The coronavirus is proving to be a significant shock to our economies. Banks need to be in a position to continue financing households and corporates experiencing temporary difficulties. There are several ways that companies could struggle with coronavirus lower demand for products and services as consumers go out and shop less, or supply chain disruptions due to factory suspensions in China.

Affected businesses may need financial assistance to weather the storm, opening an opportunity for banks to create relationships with new customers that are likely to remain after the crisis is over.

Banks should continue to apply sound underwriting standards, pursue adequate policies regarding the recognition and coverage of non-performing exposures, and conduct solid capital and liquidity planning and robust risk management.

Banks should review their business continuity plans and consider what actions could be taken to enhance preparedness to minimise the potential adverse effects of the spread of the coronavirus.

Impact on Iraqi economy

As per the World Bank report, Iraq’s overall security situation improved after the defeat of ISIS on Iraqi territory in 2017, but recovery since has been slow. The defeat of ISIS in Iraq left the government with the daunting task of rebuilding infrastructure, re-establishing security and stability, and providing services for the return of the displaced.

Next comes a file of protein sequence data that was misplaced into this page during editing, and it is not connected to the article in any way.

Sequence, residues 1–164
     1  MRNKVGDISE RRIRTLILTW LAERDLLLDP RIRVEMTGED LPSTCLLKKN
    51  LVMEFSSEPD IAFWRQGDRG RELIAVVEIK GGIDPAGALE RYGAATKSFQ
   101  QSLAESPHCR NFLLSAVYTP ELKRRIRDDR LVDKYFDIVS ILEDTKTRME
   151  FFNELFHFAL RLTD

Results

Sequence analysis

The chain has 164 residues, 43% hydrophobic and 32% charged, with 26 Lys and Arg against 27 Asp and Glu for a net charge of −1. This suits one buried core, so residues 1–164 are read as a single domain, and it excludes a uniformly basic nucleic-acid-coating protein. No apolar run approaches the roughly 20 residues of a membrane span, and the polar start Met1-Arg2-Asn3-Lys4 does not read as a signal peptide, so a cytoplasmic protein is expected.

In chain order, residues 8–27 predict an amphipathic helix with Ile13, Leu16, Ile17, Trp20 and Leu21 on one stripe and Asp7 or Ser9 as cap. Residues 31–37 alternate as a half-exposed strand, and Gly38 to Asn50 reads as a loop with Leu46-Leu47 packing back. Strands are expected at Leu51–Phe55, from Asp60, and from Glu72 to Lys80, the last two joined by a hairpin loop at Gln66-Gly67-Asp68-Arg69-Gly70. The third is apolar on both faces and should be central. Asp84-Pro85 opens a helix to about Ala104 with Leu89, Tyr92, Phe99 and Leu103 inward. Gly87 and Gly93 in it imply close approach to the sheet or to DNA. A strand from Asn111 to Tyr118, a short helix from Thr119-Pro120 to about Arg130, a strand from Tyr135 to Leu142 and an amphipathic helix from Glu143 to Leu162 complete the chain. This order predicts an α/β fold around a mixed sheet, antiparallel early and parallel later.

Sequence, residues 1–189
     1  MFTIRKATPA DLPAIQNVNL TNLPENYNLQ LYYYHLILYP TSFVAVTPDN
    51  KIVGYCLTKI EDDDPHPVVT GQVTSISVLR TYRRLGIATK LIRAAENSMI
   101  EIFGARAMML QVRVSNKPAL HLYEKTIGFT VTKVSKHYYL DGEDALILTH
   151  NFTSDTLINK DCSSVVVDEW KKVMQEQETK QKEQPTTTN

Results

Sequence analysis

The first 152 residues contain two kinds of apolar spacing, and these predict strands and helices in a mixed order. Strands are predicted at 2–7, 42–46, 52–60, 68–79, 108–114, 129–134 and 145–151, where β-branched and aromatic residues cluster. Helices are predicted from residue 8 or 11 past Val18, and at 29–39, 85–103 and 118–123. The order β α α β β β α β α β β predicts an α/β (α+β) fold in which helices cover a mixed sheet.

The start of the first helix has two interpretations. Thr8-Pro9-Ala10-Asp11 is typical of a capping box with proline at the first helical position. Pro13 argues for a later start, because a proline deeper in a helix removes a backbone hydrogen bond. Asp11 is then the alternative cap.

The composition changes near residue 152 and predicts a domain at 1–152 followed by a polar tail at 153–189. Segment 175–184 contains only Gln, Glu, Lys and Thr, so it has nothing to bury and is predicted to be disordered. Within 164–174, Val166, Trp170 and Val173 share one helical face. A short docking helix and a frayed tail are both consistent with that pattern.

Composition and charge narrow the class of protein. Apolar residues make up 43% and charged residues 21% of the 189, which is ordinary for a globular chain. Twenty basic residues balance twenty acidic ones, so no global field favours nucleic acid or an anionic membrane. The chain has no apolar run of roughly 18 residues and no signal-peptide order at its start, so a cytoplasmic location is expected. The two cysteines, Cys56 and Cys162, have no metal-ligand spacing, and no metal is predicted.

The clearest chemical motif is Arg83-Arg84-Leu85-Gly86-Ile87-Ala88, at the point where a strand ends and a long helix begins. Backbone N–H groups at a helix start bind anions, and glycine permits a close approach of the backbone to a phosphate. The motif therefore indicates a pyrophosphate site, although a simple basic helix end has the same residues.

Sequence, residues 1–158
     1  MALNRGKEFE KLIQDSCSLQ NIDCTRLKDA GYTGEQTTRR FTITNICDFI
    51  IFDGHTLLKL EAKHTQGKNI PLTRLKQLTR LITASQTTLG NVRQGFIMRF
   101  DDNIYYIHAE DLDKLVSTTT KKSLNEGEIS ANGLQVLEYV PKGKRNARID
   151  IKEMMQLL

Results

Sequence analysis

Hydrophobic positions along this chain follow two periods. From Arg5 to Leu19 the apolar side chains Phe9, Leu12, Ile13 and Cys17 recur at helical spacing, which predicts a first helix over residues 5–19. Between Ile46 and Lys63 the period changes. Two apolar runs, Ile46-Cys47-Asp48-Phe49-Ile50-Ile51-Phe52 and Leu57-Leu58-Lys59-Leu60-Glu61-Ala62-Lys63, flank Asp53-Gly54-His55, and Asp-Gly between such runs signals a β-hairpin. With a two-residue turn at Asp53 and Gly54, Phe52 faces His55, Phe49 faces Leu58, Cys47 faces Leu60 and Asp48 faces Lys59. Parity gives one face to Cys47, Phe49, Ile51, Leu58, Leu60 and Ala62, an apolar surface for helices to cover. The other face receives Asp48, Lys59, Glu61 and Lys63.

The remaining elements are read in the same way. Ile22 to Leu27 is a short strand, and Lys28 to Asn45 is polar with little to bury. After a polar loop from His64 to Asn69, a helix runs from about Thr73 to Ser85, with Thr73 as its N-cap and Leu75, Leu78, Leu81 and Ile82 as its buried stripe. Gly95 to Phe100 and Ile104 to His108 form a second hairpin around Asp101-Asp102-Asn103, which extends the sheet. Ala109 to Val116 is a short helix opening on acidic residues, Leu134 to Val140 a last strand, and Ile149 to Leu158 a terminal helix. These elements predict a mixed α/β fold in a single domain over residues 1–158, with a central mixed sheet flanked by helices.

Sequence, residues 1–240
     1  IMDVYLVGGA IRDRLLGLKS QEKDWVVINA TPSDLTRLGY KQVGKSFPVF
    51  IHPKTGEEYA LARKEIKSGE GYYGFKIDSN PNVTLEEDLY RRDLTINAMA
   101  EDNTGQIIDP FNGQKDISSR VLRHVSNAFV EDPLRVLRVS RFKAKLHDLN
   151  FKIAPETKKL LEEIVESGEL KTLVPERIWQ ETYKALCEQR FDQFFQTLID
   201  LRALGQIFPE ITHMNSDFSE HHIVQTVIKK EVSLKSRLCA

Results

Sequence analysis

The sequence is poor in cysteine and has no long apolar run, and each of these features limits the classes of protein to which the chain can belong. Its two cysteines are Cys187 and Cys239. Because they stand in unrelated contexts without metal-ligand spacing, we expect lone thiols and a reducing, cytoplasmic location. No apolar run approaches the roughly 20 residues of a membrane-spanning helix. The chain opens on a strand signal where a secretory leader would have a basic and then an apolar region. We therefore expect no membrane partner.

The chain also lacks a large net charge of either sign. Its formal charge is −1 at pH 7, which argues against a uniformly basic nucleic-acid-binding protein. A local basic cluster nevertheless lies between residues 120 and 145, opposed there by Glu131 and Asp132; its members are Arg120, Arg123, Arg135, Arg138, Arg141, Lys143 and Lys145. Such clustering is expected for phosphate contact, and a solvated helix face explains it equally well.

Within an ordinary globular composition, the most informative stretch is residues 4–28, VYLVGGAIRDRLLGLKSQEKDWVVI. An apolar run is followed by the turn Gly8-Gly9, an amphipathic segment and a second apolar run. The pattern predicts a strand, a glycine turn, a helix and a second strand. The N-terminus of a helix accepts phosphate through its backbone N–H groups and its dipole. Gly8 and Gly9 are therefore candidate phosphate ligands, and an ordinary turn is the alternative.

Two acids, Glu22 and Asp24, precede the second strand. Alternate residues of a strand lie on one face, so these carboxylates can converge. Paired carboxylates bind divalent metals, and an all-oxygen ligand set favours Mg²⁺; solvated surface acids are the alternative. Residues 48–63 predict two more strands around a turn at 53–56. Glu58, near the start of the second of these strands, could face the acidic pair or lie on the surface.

A period of higher oil prices offered Iraq an opportunity to rebuild and tackle longstanding problems by improving some basics services. The country’s economy was gradually recuperating, with GDP estimated to grow at 4.8 percent in 2019, reversing the contraction of the previous two years. Growth was projected at 5.1 percent in 2020.

Crude futures plunged more than 20 percent after Saudi Arabia said it would raise production and give discounts on its oil. Hammered by withering demand due to the coronavirus, the oil market is sinking deeper into chaos on the prospect of a supply free-for-all. As the global oil benchmark plummeted to as low as $31.02 a barrel, Goldman Sachs Group Inc. warned prices could drop to near $20 a barrel.